Gut dysbiosis linking to the pathogenesis of neurodegenerative proteinopathies. A) Normal cross-talk between intestinal immune system and gut microbiota under non-pathological conditions; B) gut microbiota unbalance leading to immune dysregulation under pathological conditions which ultimately influences the clinical manifestations of the proteinopathies. LPS: lipopolysaccharides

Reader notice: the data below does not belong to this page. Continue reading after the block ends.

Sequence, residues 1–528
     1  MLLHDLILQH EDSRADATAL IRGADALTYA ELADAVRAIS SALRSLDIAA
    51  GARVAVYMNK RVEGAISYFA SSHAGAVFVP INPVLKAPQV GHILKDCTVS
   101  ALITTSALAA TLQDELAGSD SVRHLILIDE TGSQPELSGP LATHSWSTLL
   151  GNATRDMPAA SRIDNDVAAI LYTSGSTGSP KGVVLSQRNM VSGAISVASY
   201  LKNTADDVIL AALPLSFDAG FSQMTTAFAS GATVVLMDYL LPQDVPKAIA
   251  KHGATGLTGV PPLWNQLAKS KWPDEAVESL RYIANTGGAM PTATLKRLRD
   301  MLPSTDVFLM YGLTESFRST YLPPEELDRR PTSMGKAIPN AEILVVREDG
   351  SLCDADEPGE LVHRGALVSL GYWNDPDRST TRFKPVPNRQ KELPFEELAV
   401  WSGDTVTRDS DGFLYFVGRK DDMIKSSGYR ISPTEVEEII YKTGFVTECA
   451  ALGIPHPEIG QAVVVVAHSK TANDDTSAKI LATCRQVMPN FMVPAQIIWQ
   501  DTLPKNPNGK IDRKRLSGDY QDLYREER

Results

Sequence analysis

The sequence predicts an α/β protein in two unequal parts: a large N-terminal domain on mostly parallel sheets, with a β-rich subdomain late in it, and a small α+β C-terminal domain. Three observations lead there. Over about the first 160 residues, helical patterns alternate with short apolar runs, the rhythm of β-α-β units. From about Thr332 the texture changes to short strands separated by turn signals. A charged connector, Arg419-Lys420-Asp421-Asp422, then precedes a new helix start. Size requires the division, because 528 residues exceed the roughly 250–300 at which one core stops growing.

PD is the second most common ND, which affects 1–2% of people over 65 years of age. This multifactorial neurodegenerative disorder, first described by James Parkinson in 1817, is characterized by a progressive death of dopamine-producing neurons in the SN pars compacta [50]. Like other well-defined proteinopathies, the affected brains exhibit typical aggregations of α-syn, known as Lewy bodies, that trigger neuronal death and compromise dopamine secretion in motor control areas [51, 52]. Motor characteristic PD symptoms as bradykinesia, tremor or postural instability are basically related with this dopamine loss. Besides cognitive alterations, constipation stands as a prevalent and early non-motor manifestation of PD (> 80%) that appears even before motor disturbances [53]. Regardless of the type of PD, i.e., familial early-onset PD caused by inheritable genetic factors or the most frequent idiopathic cases [5457], effective anti-PD therapies exist for symptom relieving and include both pharmacological and surgical interventions [5860]. Although levodopa (L-DOPA) remains the treatment of choice for PD, disabling motor complications (i.e., on-off phenomena, dyskinesia or dystonia) emerge after some years of chronic administration. Alternative treatments as dopaminergic agonists (amantadine, apomorphine, bromocriptine, cabergoline, lisuride, pergolide, pramipexole, ropinirole, rotigotine), monoamine oxidase B (MAO-B) inhibitors (selegiline and rasagiline) or catechol-O-methyltransferase (COMT) inhibitors (entacapone, tolcapone), are generally less effective than L-DOPA but show fewer motor adverse effects [61, 62]. Deep brain stimulation or magnetic resonance imaging (MRI)-guided focused ultrasound are among neurosurgical procedures provide the greatest benefits for patients [62, 63]. Unfortunately, no disease-modifying treatments are available so new therapies are essential to improve life quality of those suffering from PD.